lofty bridge crossing a narrow street; and called, I dreamed, The
Bridge of Sighs.

But first I passed two jagged slits in a stone wall; the lions'
mouths--now toothless--where, in the distempered horror of my
sleep, I thought denunciations of innocent men to the old wicked
Council, had been dropped through, many a time, when the night was
dark. So, when I saw the council-room to which such prisoners were
taken for examination, and the door by which they passed out, when
they were condemned--a door that never closed upon a man with life
and hope before him--my heart appeared to die within me.

It was smitten harder though, when, torch in hand, I descended from
the cheerful day into two ranges, one below another, of dismal,
awful, horrible stone cells. They were quite dark. Each had a
loop-hole in its massive wall, where, in the old time, every day, a
torch was placed--I dreamed--to light the prisoner within, for half
an hour. The captives, by the glimmering of these brief rays, had
scratched and cut inscriptions in the blackened vaults. I saw
them. For their labour with a rusty nail's point, had outlived
their agony and them, through many generations.

One cell, I saw, in which no man remained for more than four-and-
twenty hours; being marked for dead before he entered it. Hard by,
another, and a dismal one, whereto, at midnight, the confessor
came--a monk brown-robed, and hooded--ghastly in the day, and free
bright air, but in the midnight of that murky prison, Hope's
extinguisher, and Murder's herald. I had my foot upon the spot,
where, at the same dread hour, the shriven prisoner was strangled;
and struck my hand upon the guilty door--low-browed and stealthy--
through which the lumpish sack was carried out into a boat, and
rowed away, and drowned where it was death to cast a net.

Around this dungeon stronghold, and above some part of it: licking
the rough walls without, and smearing them with damp and slime
within: stuffing dank weeds and refuse into chinks and crevices,
as if the very stones and bars had mouths to stop: furnishing a
smooth road for the removal of the bodies of the secret victims of
the State--a road so ready that it went along with them, and ran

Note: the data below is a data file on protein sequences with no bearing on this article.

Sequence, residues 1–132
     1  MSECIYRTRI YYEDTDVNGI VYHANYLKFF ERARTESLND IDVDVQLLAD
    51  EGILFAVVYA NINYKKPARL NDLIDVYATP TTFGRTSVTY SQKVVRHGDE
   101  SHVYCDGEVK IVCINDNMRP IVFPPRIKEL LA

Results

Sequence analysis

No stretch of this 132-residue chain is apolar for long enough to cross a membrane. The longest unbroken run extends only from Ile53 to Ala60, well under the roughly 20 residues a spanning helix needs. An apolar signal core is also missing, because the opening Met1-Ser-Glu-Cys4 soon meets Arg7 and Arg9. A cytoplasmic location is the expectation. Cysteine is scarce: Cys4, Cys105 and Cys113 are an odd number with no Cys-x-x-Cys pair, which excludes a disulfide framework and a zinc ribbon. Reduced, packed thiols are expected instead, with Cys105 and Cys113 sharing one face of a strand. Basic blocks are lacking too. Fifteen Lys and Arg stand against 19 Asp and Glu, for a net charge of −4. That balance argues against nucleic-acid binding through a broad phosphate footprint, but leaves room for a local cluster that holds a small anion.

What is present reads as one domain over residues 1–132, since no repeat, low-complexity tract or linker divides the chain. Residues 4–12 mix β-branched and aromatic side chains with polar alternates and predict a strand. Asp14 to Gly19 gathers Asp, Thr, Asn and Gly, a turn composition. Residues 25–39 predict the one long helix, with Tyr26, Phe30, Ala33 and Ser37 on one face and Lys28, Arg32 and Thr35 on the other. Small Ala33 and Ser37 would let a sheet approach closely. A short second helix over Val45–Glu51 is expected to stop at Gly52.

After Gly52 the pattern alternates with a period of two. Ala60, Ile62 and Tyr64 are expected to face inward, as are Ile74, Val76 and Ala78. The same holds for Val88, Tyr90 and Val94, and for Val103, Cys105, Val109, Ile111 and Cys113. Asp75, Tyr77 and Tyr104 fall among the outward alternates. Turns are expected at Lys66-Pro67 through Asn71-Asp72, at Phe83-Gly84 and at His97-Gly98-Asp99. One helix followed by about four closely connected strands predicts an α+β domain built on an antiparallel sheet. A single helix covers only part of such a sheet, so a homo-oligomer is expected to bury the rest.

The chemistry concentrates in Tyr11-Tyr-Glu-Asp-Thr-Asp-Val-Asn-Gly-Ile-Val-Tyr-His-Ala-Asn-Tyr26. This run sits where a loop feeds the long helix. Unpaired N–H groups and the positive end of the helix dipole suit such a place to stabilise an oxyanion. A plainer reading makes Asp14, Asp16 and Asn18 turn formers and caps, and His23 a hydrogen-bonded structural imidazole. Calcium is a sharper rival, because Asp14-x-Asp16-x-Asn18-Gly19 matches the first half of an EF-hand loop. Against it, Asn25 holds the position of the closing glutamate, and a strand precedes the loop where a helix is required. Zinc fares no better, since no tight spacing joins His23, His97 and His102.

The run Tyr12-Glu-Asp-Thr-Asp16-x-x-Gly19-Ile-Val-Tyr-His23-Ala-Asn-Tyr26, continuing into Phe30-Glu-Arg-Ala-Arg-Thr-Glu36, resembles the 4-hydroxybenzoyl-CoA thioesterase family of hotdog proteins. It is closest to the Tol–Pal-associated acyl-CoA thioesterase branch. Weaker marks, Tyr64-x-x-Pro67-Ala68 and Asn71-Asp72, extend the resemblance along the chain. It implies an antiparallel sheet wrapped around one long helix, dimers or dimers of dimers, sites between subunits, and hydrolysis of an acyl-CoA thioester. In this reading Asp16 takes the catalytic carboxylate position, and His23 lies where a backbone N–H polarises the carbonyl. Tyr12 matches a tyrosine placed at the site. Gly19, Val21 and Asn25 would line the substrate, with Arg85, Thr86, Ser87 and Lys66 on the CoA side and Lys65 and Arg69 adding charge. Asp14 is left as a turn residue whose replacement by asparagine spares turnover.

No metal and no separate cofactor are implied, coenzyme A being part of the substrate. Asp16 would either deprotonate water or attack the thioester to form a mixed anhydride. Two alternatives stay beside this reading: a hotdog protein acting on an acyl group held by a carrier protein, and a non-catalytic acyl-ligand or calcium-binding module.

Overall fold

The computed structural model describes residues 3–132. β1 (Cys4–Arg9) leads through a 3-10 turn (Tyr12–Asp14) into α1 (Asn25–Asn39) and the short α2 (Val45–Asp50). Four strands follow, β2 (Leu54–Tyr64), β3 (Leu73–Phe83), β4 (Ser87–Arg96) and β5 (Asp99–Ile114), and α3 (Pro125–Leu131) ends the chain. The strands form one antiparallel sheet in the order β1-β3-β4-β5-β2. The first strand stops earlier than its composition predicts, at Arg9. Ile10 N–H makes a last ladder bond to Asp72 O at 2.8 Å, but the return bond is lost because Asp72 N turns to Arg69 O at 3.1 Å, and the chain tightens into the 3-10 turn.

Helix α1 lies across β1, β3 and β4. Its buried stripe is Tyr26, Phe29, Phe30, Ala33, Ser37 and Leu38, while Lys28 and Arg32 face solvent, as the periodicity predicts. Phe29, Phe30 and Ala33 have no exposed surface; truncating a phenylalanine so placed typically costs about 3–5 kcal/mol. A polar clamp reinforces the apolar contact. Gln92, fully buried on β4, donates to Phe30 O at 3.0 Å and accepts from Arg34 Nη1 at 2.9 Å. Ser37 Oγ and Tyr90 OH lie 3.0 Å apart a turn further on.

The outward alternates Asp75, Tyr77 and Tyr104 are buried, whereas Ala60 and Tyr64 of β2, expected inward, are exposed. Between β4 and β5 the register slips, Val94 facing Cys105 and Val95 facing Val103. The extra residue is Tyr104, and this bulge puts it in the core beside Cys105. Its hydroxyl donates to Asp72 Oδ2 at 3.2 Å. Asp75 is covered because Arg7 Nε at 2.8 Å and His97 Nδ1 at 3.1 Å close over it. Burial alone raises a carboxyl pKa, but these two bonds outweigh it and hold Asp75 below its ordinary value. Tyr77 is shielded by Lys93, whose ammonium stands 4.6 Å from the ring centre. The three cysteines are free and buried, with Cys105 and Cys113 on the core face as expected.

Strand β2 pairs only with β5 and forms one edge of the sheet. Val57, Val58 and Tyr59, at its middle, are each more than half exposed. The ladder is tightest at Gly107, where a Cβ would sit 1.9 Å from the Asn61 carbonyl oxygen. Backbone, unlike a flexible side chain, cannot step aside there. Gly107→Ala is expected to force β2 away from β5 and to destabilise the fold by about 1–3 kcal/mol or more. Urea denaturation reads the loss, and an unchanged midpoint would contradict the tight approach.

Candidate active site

before them, like a cruel officer--flowed the same water that
filled this Dream of mine, and made it seem one, even at the time.

Descending from the palace by a staircase, called, I thought, the
Giant's--I had some imaginary recollection of an old man
abdicating, coming, more slowly and more feebly, down it, when he
heard the bell, proclaiming his successor--I glided off, in one of
the dark boats, until we came to an old arsenal guarded by four
marble lions. To make my Dream more monstrous and unlikely, one of
these had words and sentences upon its body, inscribed there, at an
unknown time, and in an unknown language; so that their purport was
a mystery to all men.

There was little sound of hammers in this place for building ships,
and little work in progress; for the greatness of the city was no
more, as I have said. Indeed, it seemed a very wreck found
drifting on the sea; a strange flag hoisted in its honourable
stations, and strangers standing at its helm. A splendid barge in
which its ancient chief had gone forth, pompously, at certain
periods, to wed the ocean, lay here, I thought, no more; but, in
its place, there was a tiny model, made from recollection like the
city's greatness; and it told of what had been (so are the strong
and weak confounded in the dust) almost as eloquently as the
massive pillars, arches, roofs, reared to overshadow stately ships
that had no other shadow now, upon the water or the earth.

An armoury was there yet. Plundered and despoiled; but an armoury.
With a fierce standard taken from the Turks, drooping in the dull
air of its cage. Rich suits of mail worn by great warriors were
hoarded there; crossbows and bolts; quivers full of arrows; spears;
swords, daggers, maces, shields, and heavy-headed axes. Plates of
wrought steel and iron, to make the gallant horse a monster cased
in metal scales; and one spring-weapon (easy to be carried in the
breast) designed to do its office noiselessly, and made for
shooting men with poisoned darts.

One press or case I saw, full of accursed instruments of torture
horribly contrived to cramp, and pinch, and grind and crush men's
bones, and tear and twist them with the torment of a thousand
deaths. Before it, were two iron helmets, with breast-pieces:
made to close up tight and smooth upon the heads of living
sufferers; and fastened on to each, was a small knob or anvil,
where the directing devil could repose his elbow at his ease, and
listen, near the walled-up ear, to the lamentations and confessions